How does the Tax-Free Savings Account (TFSA) work? What makes it different from an RRSP? Which savings tactic is better for me? There are many questions when it comes to TFSAs and its features remain misunderstood by many Canadians. Here are a few explanations to help you take advantage of this savings account.
The maximum contribution amount is $6,000 for 2021 and will remain the same for 2022.
According to The Canada Revenue Agency, the annual cap will increase with inflation.
A tax of 1% per month applies to the overcontribution only if it remains in the TFSA in the same calendar year. The change of year marks the entry into a new period of contribution, in other words, the right to continue contributing during the new year.
For example, if you deposited $1,000 in excess in your TFSA in December 2020, you will be required to pay 1% of that amount in taxes ($10 for the month of overcontribution) as a penalty. This $1,000 will be deducted from your contribution room in January 2021. It will no longer be considered excess.
Your unused contribution room accumulates from 2009, when the TFSA was created, to today.
From 2009 to 2012, the annual TFSA contribution limit was $5,000. It was raised to $5,500 in 2013 and 2014, before rising to $10,000 in 2015 and being reduced to $5,500 between 2016 and 2018 and to $6,000 in 2019, 2020 and 2021.
If you have never contributed to a TFSA, you have accumulated $75,500 in contribution room from 2009 to 2021. You can contribute up to this amount in one year, if you can afford it and if you are a Canadian resident who had reached the age of majority by 2009 as long as you have a valid social insurance number.
Although many investors choose to make their TFSA contributions in cash, in-kind contributions from a non-registered account are also an option.
It’s important to remember that when you make an in-kind contribution, the Canada Revenue Agency considers the transaction a deemed disposition of the investment. In other words, they consider that the investment has been sold, and if the fair market value is higher than the book value, you will need to declare a capital gain. Unfortunately, in the opposite scenario, you cannot claim the resulting capital loss. The amount of the contribution to your TFSA will be equal to the fair market value of the investment.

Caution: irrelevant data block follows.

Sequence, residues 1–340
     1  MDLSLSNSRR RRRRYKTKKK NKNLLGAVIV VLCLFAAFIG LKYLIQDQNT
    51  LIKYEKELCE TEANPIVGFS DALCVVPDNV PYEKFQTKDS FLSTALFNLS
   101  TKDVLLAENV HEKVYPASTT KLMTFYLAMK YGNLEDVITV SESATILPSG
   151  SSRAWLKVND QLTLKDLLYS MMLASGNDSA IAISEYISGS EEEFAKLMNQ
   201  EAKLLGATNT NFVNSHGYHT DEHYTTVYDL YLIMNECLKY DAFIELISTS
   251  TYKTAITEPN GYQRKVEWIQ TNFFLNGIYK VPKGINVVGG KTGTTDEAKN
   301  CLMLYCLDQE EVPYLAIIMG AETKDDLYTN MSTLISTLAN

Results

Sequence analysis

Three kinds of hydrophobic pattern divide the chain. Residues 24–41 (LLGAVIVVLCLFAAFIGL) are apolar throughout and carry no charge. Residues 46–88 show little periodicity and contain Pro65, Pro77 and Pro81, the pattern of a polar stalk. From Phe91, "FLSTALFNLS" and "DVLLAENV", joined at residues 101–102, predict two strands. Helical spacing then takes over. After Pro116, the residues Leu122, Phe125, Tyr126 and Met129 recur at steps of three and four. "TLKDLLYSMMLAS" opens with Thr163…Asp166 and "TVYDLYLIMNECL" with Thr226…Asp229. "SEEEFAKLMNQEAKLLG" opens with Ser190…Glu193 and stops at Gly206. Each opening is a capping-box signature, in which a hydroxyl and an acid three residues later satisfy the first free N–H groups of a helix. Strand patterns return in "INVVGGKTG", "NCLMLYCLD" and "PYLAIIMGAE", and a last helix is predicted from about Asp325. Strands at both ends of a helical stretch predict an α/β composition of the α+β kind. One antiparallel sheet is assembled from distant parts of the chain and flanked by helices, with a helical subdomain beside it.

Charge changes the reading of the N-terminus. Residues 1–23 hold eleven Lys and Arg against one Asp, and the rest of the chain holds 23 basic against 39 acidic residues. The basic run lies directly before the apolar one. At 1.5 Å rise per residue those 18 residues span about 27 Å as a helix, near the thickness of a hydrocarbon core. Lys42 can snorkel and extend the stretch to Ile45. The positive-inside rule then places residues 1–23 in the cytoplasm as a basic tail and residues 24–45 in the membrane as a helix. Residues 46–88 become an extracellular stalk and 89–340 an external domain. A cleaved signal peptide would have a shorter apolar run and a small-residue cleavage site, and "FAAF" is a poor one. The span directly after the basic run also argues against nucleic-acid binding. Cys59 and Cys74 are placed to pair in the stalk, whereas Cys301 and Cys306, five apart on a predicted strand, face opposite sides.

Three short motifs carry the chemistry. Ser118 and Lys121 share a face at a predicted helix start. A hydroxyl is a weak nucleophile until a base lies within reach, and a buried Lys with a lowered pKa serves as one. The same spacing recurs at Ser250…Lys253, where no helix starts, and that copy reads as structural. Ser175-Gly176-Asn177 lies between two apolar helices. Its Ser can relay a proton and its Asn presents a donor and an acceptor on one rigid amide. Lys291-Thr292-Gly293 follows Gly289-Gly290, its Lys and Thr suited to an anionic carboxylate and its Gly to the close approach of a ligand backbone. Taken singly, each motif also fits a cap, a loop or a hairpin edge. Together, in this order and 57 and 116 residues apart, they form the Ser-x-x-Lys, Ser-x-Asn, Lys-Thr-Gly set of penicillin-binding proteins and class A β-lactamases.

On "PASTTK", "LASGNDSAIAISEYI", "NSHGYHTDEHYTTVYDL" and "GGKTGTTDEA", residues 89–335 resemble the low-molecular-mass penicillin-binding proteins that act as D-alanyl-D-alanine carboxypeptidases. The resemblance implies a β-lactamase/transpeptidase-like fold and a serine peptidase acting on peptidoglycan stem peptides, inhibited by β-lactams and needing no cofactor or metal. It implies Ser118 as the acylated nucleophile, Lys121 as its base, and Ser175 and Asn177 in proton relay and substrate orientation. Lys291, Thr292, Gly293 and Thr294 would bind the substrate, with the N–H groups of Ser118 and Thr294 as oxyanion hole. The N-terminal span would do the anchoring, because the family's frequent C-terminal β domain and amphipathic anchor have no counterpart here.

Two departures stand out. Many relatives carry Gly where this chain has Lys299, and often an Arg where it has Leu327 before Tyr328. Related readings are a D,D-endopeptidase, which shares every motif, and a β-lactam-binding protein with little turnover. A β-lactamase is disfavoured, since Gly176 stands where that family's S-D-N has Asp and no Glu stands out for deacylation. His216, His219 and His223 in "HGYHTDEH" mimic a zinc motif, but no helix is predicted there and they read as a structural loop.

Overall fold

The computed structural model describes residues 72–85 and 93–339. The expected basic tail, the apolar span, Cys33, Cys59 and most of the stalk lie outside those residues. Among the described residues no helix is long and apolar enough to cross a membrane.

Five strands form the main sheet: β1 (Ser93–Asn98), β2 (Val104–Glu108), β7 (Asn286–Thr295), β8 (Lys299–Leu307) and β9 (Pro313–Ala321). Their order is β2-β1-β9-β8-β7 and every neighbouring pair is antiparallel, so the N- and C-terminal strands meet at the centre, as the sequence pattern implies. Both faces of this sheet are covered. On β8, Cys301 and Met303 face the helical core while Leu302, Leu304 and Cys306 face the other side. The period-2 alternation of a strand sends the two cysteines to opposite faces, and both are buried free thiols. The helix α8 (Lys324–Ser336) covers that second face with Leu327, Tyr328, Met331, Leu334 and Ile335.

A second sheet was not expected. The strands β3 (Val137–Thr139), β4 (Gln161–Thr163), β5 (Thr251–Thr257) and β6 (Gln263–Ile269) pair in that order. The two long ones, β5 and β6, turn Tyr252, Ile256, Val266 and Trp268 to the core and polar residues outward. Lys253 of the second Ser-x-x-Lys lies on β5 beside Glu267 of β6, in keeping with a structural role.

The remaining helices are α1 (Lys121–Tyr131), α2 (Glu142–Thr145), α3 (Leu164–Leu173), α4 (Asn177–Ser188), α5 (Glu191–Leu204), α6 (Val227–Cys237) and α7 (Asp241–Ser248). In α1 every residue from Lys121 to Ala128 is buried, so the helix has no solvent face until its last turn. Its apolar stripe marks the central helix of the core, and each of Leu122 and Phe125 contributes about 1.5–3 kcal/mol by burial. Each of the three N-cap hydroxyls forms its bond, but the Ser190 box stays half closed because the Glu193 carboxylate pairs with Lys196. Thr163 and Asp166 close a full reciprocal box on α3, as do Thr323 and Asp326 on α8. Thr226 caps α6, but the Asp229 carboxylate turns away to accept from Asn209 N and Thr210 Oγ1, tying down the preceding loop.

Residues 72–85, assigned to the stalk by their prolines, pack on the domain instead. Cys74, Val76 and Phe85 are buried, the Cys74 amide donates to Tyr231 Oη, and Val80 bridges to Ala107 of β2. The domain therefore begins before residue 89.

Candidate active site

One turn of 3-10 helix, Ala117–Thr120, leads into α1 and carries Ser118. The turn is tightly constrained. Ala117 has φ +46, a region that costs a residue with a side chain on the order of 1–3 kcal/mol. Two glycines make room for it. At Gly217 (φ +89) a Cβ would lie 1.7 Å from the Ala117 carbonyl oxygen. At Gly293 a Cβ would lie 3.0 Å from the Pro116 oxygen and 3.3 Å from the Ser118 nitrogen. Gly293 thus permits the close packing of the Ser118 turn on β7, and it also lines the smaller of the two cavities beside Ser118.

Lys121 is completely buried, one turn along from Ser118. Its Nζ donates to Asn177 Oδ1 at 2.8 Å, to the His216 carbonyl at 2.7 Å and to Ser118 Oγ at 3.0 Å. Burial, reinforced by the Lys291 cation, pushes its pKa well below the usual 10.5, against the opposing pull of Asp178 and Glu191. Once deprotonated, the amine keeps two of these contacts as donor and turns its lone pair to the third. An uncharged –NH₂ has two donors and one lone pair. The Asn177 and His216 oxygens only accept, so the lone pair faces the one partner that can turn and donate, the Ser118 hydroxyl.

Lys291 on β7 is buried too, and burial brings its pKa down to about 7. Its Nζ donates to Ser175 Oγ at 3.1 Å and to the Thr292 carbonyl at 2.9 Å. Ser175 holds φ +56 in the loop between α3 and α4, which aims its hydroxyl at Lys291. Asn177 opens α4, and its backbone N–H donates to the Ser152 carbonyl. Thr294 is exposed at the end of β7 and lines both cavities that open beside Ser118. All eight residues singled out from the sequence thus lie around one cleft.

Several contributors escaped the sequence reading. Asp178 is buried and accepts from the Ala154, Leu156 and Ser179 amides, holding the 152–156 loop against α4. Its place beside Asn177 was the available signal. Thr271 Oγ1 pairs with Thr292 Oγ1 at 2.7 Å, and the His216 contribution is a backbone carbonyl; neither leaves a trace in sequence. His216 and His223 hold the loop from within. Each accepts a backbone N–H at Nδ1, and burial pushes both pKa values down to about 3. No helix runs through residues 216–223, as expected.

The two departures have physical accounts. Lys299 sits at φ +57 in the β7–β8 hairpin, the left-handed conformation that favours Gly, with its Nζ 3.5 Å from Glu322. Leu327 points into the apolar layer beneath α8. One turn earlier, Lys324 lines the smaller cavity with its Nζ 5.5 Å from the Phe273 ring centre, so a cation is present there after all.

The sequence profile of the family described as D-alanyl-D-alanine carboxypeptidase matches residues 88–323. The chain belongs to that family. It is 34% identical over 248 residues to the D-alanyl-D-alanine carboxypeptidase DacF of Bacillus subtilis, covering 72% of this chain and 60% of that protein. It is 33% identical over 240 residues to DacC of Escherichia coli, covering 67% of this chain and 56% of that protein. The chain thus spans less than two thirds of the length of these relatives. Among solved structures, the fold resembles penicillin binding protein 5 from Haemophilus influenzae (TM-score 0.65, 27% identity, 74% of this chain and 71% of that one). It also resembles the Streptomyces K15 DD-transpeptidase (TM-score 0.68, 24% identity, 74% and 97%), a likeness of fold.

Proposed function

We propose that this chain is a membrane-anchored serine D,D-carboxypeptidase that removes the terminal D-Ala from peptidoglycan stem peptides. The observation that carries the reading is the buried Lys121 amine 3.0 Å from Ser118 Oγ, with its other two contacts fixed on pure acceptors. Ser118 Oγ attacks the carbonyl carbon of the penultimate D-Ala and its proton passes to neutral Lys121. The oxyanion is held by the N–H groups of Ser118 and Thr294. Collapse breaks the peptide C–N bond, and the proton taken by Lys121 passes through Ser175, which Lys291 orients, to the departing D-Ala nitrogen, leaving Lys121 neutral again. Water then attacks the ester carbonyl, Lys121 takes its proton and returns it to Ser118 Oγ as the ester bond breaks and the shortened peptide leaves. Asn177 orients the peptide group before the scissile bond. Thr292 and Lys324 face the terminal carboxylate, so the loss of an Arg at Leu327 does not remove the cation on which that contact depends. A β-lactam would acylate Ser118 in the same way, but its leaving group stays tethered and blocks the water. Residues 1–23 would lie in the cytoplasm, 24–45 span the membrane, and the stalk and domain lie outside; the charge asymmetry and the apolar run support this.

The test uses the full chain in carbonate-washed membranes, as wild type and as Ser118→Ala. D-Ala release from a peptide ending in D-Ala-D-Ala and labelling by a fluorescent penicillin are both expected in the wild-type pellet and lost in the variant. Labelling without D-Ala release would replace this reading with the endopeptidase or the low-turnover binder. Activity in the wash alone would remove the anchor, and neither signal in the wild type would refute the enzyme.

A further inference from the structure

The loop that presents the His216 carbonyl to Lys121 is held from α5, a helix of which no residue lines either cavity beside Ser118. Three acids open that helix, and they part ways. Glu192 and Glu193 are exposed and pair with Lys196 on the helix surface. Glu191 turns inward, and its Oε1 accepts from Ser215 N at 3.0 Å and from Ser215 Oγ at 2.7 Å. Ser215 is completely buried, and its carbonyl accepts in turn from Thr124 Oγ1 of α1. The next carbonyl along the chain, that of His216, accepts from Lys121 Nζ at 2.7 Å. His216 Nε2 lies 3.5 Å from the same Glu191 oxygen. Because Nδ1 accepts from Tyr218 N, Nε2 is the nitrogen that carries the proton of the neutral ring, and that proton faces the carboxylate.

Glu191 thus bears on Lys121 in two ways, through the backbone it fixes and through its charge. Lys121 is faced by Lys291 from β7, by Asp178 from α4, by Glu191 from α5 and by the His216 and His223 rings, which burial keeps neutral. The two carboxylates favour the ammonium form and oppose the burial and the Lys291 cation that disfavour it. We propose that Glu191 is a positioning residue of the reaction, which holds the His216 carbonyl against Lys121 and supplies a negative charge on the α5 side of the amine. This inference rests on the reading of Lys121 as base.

Any future investment income and gains from investment products that you include in your TFSA will grow in a tax-sheltered environment.
As a self-directed investor at National Bank Direct Brokerage, all the investment products that you trade in other types of accounts are also eligible in a TFSA. Stocks, exchange-traded-funds (ETFs), options, mutual funds, fixed income securities (bonds) and guaranteed investment certificates (GICs).
Amounts withdrawn from the TFSA are tax-free.
This is the big difference between a TFSA and an RRSP, whose withdrawals are added to your annual income and are, therefore, subject to income tax.
The total amount withdrawn from a TFSA in a calendar year will be added to the contribution limit for the following year.
For example, if in 2020 you withdrew $3,000 from your TFSA to fund renovations, you can contribute up to $9,000 in 2021, plus unused contribution room from previous years.
The TFSA can be used for both. Its main advantage remains the compound return that accumulates over time sheltered from taxes.
According to most financial planners, the RRSP is the best retirement savings plan for the majority of people.
However, if you expect your tax rate to be higher at retirement than it is now it’s better to contribute to a TFSA first. It's generally the case for people who will qualify for the Guaranteed Income Supplement (GIS), students or part-time workers.
No, only individual accounts are allowed.
You can't open a TFSA in someone else's name nor contribute to someone else's TFA. What you may do however, is donate money to someone who will then contribute to their own TFSA.
The TFSA provides investors with a level of flexibility and simplicity that is hard to beat. Regardless of your life stage, it has a role to play. If you haven’t already opened a TFSA, now’s the time; nothing pairs better with a Tax-Free Savings Account than commission free investing!
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